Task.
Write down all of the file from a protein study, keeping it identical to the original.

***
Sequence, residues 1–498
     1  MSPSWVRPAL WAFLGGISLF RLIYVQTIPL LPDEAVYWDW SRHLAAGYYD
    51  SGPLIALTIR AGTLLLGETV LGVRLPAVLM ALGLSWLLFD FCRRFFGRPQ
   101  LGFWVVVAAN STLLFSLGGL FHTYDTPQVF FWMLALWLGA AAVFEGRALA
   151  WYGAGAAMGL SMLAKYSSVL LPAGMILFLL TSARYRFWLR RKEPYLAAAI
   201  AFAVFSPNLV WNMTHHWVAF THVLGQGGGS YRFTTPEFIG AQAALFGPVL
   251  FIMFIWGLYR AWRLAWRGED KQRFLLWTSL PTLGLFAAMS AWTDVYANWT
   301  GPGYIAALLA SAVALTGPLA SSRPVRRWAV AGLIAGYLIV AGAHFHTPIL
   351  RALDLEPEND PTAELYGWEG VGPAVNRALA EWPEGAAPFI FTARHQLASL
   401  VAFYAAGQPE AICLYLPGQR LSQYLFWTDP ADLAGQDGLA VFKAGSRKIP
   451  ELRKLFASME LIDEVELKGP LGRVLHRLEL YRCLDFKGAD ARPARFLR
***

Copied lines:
Sequence, residues 1–498
     1  MSPSWVRPAL WAFLGGISLF RLIYVQTIPL LPDEAVYWDW SRHLAAGYYD
    51  SGPLIALTIR AGTLLLGETV LGVRLPAVLM ALGLSWLLFD FCRRFFGRPQ
   101  LGFWVVVAAN STLLFSLGGL FHTYDTPQVF FWMLALWLGA AAVFEGRALA
   151  WYGAGAAMGL SMLAKYSSVL LPAGMILFLL TSARYRFWLR RKEPYLAAAI
   201  AFAVFSPNLV WNMTHHWVAF THVLGQGGGS YRFTTPEFIG AQAALFGPVL
   251  FIMFIWGLYR AWRLAWRGED KQRFLLWTSL PTLGLFAAMS AWTDVYANWT
   301  GPGYIAALLA SAVALTGPLA SSRPVRRWAV AGLIAGYLIV AGAHFHTPIL
   351  RALDLEPEND PTAELYGWEG VGPAVNRALA EWPEGAAPFI FTARHQLASL
   401  VAFYAAGQPE AICLYLPGQR LSQYLFWTDP ADLAGQDGLA VFKAGSRKIP
   451  ELRKLFASME LIDEVELKGP LGRVLHRLEL YRCLDFKGAD ARPARFLR